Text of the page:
of artistic treatment, are worthy of the highest praise. They do not 
merely follow in the track of one or two masters, nor are they 
content simply to repeat what others have done ; their obvious desire 
is to give fair play to their own independence of thought and their 
particular individualities of expression. Even those etchers who 
plainly reflect the practice of the teachers from whom they received 
their grounding of technical knowledge show in a number of cases 
that they are capable of giving new readings of the facts that they 
have learned. Generally, indeed, there is to be perceived a whole- 
some spirit of originality which, despite occasional aberrations, has 
called into existence an array of sound and interesting works of art 
illustrating with complete adequacy most of the worthier applications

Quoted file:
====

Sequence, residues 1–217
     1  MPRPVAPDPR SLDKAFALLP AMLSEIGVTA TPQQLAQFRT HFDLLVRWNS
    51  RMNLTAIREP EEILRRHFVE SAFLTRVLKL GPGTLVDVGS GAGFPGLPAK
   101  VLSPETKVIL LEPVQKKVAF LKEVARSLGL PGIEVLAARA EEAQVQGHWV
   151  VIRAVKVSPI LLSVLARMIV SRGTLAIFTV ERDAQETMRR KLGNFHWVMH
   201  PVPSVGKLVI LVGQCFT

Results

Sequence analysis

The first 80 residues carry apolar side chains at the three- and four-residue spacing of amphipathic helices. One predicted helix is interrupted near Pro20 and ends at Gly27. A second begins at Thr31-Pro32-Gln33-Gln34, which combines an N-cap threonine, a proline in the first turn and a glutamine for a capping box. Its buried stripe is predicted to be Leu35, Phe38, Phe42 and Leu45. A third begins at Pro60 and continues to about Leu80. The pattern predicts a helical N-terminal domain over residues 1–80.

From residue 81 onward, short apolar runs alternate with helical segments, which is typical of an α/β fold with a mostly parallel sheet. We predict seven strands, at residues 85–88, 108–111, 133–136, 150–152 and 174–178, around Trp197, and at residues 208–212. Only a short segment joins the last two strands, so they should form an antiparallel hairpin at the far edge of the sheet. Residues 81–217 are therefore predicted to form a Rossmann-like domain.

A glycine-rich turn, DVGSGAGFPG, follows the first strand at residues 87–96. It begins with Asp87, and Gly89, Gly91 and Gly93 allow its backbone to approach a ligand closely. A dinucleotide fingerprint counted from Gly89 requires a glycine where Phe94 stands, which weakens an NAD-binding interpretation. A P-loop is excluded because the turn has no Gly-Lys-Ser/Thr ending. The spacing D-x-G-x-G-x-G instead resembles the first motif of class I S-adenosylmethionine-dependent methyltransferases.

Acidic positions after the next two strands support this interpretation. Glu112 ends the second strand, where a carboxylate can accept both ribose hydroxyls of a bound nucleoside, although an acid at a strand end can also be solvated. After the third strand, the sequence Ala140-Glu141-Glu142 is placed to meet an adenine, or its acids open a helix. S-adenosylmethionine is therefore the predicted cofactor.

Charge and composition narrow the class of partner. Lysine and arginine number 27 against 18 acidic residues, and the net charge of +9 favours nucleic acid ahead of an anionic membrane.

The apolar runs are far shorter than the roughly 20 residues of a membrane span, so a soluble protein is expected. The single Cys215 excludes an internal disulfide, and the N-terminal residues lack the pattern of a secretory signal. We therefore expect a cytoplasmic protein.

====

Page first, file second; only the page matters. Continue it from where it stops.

of the craft of etching. 

IT is in figure drawing, perhaps, that English etchers are least 
successful. We have no one in this country who approaches 
M. Paul Helleu in graceful elegance of design and supple freedom 
of expression, and certainly none of our artists can be compared to 
him as a brilliant exponent of what is most attractive in the modern 
type of humanity. Nor have we a master like Mr. Anders Zorn who 
combines in perfect proportion certainty of draughtsmanship and 
masculine confidence in the use of the best devices of etching. But 
at least we can claim, by virtue of his long residence amongst us, 
M. Legros as one of our chief art leaders, and we can point to an 
important group of younger Englishmen who owe to his example 
and instruction some of the best qualities of their practice. Such